QPC encourages support for PARTS Act legislation
NEW ORLEANS, Oct. 12, 2012—Members of the Quality Parts Coalition (QPC), gathering in New Orleans this week for NACE, urged attendees to support H.R. 3889, the Promoting Automotive Repair Trade and Sales Act (PARTS Act), legislation introduced by Representatives Darrell Issa (R-CA) and Zoe Lofgren (D-CA).
The QPC encouraged conference participants to support the legislation via the “Write Congress” widget on its website.
The call for support at NACE comes off the heels of an August hearing, where members of the U.S. House Judiciary Subcommittee on Intellectual Property, Competition, and the Internet gathered to listen to testimony from Rockingham Group president and CEO W. Neal Menefee and Consumer Federation of America public affairs director Jack Gillis. Both Menefee and Gillis emphasized the benefits of this legislation to consumers and stressed the balance that it strikes.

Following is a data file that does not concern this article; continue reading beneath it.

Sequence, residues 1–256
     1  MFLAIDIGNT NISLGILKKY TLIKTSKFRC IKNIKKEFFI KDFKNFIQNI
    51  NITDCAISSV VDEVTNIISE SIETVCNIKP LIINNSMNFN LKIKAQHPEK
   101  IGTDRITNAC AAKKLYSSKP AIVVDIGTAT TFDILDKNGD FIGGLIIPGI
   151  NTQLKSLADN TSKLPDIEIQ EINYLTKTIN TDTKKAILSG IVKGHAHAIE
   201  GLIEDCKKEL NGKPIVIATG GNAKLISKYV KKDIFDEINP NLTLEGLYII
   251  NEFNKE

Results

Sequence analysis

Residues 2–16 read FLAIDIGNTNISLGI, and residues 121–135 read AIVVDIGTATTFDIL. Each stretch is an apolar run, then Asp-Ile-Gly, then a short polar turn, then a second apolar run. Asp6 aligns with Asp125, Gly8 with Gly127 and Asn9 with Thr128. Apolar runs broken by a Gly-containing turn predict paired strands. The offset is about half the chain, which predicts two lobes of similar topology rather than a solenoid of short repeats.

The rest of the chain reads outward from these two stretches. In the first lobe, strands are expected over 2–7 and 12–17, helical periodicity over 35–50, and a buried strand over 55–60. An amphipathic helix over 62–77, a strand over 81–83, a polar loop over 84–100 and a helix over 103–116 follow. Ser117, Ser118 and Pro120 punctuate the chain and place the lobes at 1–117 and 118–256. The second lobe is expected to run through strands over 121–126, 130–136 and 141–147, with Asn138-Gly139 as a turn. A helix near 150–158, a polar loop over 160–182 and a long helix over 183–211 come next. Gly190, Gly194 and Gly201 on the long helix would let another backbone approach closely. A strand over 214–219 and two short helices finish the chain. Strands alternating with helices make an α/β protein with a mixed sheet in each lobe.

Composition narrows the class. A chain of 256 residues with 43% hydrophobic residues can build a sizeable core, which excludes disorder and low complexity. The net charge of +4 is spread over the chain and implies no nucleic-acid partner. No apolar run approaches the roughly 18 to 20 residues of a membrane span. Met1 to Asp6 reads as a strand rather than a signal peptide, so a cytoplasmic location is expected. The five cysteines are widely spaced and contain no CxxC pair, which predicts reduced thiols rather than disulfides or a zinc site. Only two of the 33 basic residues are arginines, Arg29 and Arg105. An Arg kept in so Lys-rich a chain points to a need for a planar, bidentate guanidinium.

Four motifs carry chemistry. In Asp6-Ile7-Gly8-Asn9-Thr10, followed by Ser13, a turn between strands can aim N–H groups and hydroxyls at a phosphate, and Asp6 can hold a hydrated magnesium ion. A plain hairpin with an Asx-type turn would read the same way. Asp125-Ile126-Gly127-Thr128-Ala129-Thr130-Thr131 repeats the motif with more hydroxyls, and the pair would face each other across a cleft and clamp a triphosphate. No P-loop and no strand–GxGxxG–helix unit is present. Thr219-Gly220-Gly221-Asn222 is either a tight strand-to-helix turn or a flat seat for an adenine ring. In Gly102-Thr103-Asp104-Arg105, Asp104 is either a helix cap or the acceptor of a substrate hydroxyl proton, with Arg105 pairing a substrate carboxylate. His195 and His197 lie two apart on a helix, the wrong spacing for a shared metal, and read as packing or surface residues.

The PARTS Act would amend title 35 of current U.S. design patent law, reducing from 14 to 2.5 years the period during which car companies can enforce their design patents on collision repair parts against alternative suppliers. This legislation, if passed, would bring the United States in line with a number of nations, including the United Kingdom and Australia, which ascribe to free competition in the collision parts market.
As Menefee and Rep. Issa explained at the August hearing, the PARTS Act would not deter car companies from obtaining 14-year design patents on their collision parts and enforcing them for up to 14 years against other car companies. “This industry has been well established for my entire life. We are talking about a narrow bill to prevent a new expansion that endangers the consumer’s ability to afford repair parts,” Rep. Issa said at the hearing.
“The QPC has been working toward a bill like this for a long time. With the recent hearing and momentum around the PARTS Act, we’re encouraging attendees at NACE to visit keepautopartsaffordable.org and show their support for this pivotal legislation,” said QPC executive director Eileen A. Sottile in a press release_notes.